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Family receive damages following death of woman from jaundice

A mother who had jaundice died in hospital following a biopsy on her liver

Negligent medical care led to woman

1 December 2014

The husband and four young children of a woman known only as Mrs X have secured compensation for the negligent medical care she received which led to her death. 

Mrs X complained to her GP of abdominal pain and vomiting in May. She returned a few days later and was seen by the practice nurse who noted that she was jaundiced. 

The practice nurse reported the jaundice to Mrs X’s GP who advised that if Mrs X felt unwell over the weekend she should go to A&E.

It was never explained to Mrs X the seriousness of her condition, and that she needed urgent referral to hospital.

Mrs X returned to the surgery on 17 December, when she saw a locum doctor, who noted that she was jaundiced. 

The doctor arranged for Ms X to have blood tests, but although the results were back in the surgery on 21st December, Mrs X was not informed of the results which showed that Mrs X was suffering from abnormal liver function.

Mrs X attended her GP on 2 January and was immediately admitted to Ealing Hospital.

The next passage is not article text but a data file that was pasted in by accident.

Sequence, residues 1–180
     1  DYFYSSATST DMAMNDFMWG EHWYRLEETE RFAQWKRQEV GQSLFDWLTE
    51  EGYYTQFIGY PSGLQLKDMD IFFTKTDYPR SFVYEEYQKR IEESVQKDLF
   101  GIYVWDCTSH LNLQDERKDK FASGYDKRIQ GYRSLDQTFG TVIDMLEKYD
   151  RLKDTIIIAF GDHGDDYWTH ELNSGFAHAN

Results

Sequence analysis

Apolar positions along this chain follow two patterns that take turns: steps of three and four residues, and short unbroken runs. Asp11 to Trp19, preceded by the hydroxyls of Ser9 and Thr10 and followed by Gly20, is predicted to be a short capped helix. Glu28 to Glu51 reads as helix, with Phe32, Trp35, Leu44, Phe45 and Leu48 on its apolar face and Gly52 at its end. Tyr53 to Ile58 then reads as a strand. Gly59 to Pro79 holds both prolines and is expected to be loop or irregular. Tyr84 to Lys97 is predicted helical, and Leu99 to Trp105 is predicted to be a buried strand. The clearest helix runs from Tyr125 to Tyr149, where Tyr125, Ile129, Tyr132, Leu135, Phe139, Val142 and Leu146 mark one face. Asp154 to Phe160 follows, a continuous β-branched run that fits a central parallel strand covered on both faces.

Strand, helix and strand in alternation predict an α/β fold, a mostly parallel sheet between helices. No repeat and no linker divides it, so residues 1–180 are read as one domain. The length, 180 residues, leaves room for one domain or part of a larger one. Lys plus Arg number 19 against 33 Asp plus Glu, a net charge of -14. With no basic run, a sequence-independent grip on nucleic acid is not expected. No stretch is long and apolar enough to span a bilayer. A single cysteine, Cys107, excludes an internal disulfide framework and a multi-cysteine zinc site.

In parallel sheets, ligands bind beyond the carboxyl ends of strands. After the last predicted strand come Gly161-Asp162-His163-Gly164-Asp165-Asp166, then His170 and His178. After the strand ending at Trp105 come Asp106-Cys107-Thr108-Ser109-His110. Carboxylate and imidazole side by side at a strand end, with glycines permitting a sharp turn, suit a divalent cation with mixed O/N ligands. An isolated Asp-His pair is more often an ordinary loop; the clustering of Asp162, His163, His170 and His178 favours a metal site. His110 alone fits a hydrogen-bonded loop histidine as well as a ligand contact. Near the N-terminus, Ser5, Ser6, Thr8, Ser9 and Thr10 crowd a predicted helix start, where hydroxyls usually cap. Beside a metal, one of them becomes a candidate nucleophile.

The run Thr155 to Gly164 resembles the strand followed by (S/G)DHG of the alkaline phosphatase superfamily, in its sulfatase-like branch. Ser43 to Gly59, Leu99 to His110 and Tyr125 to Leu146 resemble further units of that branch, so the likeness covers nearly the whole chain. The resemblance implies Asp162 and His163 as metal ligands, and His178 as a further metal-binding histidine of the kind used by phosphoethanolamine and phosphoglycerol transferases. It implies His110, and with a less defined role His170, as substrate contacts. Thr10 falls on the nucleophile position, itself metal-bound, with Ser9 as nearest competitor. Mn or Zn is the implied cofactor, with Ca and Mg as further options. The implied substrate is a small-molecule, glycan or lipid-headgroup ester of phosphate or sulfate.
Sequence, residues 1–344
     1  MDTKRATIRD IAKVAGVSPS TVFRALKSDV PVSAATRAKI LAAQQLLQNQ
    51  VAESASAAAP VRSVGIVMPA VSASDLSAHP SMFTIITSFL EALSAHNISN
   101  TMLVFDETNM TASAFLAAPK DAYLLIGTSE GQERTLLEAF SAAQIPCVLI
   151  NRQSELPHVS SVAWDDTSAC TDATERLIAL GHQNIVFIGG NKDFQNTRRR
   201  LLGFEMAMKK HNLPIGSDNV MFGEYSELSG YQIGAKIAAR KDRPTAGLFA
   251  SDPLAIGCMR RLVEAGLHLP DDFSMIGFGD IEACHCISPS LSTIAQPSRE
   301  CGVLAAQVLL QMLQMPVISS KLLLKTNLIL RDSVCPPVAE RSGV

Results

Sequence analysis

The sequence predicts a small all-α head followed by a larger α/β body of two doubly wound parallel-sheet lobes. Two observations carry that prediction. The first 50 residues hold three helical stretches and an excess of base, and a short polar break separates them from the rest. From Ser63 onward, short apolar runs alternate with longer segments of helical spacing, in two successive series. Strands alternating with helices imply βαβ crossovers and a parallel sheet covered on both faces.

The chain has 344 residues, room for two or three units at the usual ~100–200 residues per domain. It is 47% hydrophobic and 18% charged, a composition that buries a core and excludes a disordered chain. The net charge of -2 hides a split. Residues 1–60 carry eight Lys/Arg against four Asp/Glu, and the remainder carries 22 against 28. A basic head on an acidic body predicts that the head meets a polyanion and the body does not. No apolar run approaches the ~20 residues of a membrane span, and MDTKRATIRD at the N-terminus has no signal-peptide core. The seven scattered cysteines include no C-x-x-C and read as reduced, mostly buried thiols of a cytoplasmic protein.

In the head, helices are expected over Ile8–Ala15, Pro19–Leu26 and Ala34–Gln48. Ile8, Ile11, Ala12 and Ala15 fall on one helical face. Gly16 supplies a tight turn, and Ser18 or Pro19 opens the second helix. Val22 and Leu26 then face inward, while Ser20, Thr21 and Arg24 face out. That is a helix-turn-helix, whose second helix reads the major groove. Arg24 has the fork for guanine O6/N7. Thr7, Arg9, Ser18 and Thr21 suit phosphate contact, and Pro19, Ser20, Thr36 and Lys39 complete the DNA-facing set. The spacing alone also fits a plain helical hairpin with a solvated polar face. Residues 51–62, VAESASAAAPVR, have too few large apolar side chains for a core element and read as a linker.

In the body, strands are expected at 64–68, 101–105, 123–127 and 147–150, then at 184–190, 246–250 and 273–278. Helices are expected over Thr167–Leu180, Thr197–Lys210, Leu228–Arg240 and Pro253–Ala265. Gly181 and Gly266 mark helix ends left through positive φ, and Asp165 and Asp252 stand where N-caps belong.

Over the next six days, she underwent a number of blood tests, and ultrasounds were performed on the liver. However, her liver function remained grossly abnormal.

Mrs X was given vitamin K to reverse the clotting abnormalities in her liver, and a decision was made to carry out a liver biopsy. 

There was no investigation into whether the clotting abnormalities had been corrected, and a biopsy was carried out on 10 January. 

Unfortunately after the biopsy was carried out Mrs X began to bleed profusely and her blood pressure fell.

She was given intravenous fluid replacement and a blood transfusion but her condition continued to deteriorate.

She was then transferred to theatre for an emergency laparotomy.  During the operation, the surgeons found a large amount of blood in her abdomen.

Mrs X again returned to theatre on 11 January but the doctors were unable to stop the bleeding. Sadly Mrs X’s condition continued to deteriorate and she went into multi organ failure and died later that day.

Liability was accepted by Ealing Hospital and the case was satisfactorily settled without the need to go to trial.

Olive Lewin from the medical negligence team at Leigh Day said:

“Mrs X’s death was avoidable and was due to the negligent management of her jaundice.  I can only hope that the hospital has learnt lessons from this tragedy which simply should not have happened.

"Four young children have been left without a mother and will suffer that loss for the rest of their lives, as will Mrs X’s husband.”

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